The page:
The 9th Circuit Court of Appeals issued a long-awaited decision in the case of Alaska Stock v. Houghton Mifflin that favors the “compilation” or “group” registration of digital images by large photo agencies. The decision, in its essence, states that provided the registrant owns the copyright in all of the images that make up the compilation registration, copyright registration also attaches to the individual images contained within the compilation or group- not just the whole group.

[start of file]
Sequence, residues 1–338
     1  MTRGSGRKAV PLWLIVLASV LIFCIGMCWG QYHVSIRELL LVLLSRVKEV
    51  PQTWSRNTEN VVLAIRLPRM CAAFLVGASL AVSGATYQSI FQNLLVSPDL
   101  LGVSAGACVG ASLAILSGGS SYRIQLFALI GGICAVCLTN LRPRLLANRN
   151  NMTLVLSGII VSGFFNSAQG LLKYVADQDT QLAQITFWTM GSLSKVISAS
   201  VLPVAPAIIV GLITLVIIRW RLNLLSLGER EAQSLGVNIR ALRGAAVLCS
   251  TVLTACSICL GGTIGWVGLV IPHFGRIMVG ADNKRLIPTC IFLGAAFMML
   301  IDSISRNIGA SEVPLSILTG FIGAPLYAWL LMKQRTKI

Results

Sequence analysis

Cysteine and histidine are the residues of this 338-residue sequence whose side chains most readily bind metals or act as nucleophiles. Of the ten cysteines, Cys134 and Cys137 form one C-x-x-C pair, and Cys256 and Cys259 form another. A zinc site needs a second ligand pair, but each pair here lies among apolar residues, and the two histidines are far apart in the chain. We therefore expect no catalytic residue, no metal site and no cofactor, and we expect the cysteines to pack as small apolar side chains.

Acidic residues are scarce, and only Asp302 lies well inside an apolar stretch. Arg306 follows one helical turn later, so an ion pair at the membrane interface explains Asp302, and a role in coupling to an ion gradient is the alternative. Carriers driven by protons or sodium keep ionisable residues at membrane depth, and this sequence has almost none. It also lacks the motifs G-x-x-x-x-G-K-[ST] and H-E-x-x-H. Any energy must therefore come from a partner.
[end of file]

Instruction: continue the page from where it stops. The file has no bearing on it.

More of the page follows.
At issue was a conflict between the language of the Copyright Act and a memo issued to photo lobbying group by the US Copyright Office. Section 103(a) of the Copyright Act expressly provides that compilations are proper, lawful “subject matter of copyright[.]” 17 U.S.C. § 103(a). However, Section 103(b) provides that “[t]he copyright in a compilation … extends only to the material contributed by the author of such work, as distinguished from the preexisting material employed in the work, and does not imply any exclusive right in the preexisting material.” But In 1995, a trade association of stock agencies, Picture Agency Council of America, Inc., met with the Register of Copyright (the head of the Copyright Office), her Chief Examiner, and other Copyright Office staff, to work out how to register large catalogs of images. The Register agreed that a stock agency could register both a catalog of images and the individual photographs in the catalog in one application if the photographers temporarily transferred their copyrights to the stock agency for the purposes of registration. The trade association confirmed this with the Copyright Office in writing, and advised its member stock agencies.